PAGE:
I saw this 2017 U.S. Naval Institute book at the National WW II Museum in New Orleans a week ago today, and finished it two days later. It is full of detail you wouldn't expect from a dispute that blew up in 1942 as a result of a Chicago Tribune article containing details of a secret message from CinCPac commander Chester Nimitz to the ships under his command. That it does is because the article triggered a full scale FBI and Navy investigation which produced numerous documented interviews which became accessible a number of years ago, and eventually a grand jury proceeding, the transcript of which was unsealed just two years ago.
It's for that reason that we know so much about a piece of note paper in a state room of a ship which was carrying many of the officers and men of the just-sunk carrier Lexington back to San Diego, where it docked just as news was breaking of the Navy's triumph at Midway. Living in the stateroom with the executive officer of the Lexington was Johnston, an Australian who was working as a war correspondent for the Tribune, and who was already working on the manuscript of his immensely popular book Queen of the Flattops about the Lexington's fight at the Battle of the Coral Sea.
Johnston admitted that he saw and copied the exec's list of Japanese units and ships and units, which were certainly copied from Nimitz' message, since the misspellings in the ship names of the Tribune article matched those of the message. It is also likely he heard what the ships and units referred to – the likely contents of the Japanese fleet bearing down on Midway. This was because the stateroom became a sort of after-hours hangout for the Lex's former officers, who insisted on having the ship they were hitching a ride on decode the current messages from CinCPac and circulate them. And in addition to conversation identifying what the list of ships referred to, he may have seen the original message itself, security had become so lax on the ship as it plodded towards California.
So when he heard on landing that the Japanese had just lost four carriers at Midway, he realized that the list he was literally carrying in his pocket had four carriers listed on it. One thing led to another and before the Yorktown had even sunk, the last casualty of the Midway battle, the Tribune was running a front page headline, "NAVY HAD WORD OF JAP PLAN TO STRIKE AT SEA" based in part on the note he carried.
The Navy was furious at having its codebreaking activities event hinted-at, and the Roosevelt administration – who was a frequent target of the Tribune and Navy Secretary Frank Knox – who was publisher of the Tribune's cross-town rival – were as well. The Administration pressed Attorney General Biddle to prosecute Johnston and the paper's editor under the Espionage Act – the only such prosecution of a newspaper during the entire conflict, but the prosecution fell apart in the middle of the grand jury proceeding when the Navy refused, point-blank, to provide witnesses to testify about its code breaking activities and that the article had caused damage in the form of the changing of Japanese codes. Without the necessary testimony the special prosecutor (Hoover's Attorney General, as it turned out) could not get the grand jury to indict. The Navy's wariness was well-founded – if the paper hadn't tipped the Japanese off that their code was compromised, the prosecution certainly would, if it had not already.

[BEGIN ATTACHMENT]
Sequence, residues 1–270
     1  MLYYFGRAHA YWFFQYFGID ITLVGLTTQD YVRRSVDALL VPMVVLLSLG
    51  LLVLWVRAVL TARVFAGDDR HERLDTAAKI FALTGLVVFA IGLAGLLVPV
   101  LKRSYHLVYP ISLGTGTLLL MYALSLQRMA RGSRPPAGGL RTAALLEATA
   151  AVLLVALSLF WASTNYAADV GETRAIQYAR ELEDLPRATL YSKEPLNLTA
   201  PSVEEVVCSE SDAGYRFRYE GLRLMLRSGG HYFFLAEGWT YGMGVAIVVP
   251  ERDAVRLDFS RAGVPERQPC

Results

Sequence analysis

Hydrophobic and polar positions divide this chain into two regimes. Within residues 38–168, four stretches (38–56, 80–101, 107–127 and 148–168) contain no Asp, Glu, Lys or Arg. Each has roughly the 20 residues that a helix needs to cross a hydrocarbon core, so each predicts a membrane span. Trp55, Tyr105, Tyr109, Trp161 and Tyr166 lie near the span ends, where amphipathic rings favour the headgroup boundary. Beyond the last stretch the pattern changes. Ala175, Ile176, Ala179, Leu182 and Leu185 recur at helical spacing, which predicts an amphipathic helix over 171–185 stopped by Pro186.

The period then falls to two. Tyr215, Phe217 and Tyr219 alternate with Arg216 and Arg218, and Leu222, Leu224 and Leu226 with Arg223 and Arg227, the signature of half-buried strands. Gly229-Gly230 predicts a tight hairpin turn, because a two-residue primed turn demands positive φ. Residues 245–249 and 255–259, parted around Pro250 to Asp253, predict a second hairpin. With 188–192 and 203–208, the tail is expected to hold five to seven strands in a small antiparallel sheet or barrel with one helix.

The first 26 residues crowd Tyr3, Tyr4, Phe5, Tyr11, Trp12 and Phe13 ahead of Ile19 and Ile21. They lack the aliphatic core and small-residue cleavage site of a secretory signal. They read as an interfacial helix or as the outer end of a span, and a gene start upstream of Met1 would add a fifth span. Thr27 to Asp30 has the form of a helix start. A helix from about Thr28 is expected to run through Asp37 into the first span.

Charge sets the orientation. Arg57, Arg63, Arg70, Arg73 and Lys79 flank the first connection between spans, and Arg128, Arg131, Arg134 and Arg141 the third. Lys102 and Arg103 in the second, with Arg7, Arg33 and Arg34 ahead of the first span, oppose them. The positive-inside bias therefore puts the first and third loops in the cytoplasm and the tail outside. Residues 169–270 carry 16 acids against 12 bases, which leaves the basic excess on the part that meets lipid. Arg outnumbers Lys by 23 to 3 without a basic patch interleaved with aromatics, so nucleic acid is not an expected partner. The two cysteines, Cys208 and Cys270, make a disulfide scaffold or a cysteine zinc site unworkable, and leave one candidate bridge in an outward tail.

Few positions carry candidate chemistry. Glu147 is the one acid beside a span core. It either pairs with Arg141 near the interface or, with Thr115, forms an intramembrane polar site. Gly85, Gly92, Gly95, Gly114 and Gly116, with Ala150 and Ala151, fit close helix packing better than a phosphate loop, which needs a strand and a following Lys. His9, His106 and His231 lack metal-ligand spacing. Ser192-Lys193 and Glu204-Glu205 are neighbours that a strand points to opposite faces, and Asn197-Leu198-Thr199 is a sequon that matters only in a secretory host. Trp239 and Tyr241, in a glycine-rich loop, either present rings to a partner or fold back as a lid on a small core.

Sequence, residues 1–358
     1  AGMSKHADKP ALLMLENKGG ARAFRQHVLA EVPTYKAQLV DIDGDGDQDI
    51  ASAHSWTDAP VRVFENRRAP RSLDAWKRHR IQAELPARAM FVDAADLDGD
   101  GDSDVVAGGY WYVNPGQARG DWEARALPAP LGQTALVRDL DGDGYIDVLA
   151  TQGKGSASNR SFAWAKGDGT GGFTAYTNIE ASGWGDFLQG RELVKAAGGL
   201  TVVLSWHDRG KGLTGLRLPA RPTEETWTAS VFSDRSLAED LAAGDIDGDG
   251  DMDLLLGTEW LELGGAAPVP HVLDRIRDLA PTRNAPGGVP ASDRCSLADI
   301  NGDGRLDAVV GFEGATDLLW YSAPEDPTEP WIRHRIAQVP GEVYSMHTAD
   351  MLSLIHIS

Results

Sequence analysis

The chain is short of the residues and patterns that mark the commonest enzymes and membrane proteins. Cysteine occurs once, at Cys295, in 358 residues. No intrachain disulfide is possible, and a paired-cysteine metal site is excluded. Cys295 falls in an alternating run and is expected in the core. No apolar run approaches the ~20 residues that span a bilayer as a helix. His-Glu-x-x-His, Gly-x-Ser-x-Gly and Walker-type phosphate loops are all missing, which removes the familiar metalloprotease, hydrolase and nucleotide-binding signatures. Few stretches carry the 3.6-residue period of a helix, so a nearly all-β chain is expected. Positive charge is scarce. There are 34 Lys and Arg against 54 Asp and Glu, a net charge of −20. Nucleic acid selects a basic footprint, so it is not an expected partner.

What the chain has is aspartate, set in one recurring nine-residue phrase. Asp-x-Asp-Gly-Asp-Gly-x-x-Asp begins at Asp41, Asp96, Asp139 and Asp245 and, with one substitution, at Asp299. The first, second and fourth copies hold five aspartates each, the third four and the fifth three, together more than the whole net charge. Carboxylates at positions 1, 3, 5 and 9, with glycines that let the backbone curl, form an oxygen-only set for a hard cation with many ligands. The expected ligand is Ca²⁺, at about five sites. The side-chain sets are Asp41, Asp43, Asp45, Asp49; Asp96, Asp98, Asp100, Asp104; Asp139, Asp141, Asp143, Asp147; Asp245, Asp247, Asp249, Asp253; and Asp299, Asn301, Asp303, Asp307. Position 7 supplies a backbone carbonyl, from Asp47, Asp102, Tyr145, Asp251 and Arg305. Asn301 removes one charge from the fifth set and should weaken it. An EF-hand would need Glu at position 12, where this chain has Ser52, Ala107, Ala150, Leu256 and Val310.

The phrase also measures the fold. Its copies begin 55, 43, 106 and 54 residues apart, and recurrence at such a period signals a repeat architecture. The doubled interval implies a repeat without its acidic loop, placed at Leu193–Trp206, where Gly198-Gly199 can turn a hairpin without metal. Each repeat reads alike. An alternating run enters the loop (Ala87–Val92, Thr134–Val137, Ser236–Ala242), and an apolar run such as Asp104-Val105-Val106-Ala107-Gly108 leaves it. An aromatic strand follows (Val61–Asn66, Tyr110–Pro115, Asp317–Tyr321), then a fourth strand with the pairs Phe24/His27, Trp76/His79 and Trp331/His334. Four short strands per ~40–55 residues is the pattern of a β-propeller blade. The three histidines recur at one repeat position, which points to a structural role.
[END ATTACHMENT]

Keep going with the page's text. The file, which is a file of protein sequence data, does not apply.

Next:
Events seemed to have proven the Navy right. While the Japanese regularly changed the codes during the war, including a week after the prosecution was announced, those were regularly scheduled updates, and the basic structure of the code never changed. While nothing can be said with absolute certainty, there is no record that Japan ever realized that its codes had been successfully broken. To put it simply, Japanese intelligence wasn't reading the Chicago Tribune, and also managed to miss the radio and subsequent newspaper articles regarding the grand jury proceedings.
Johnston's was not the only leak of the Japanese order of battle for Midway based on Nimitz' mid-May message, although it was the most public. According to historian Alvin Kernan, who was on the Enterprise during the battle, historians eventually traced the leak within the Pacific Fleet at least to Admiral Fletcher's sharing the message with his staff while on the Yorktown returning from Coral Sea. In fact there were numerous leaks already known in 1942, as Carlson points out, noting that they caused prosecuting attorney Mitchell headaches trying to tie any specific leak to Japan's changing their codes – the harm necessary for a prosecution under the Espionage Act. In the end it did not matter because the Navy simply would not talk about the sources of its information.
It's a well-written book about an interesting bit of the Pacific war story.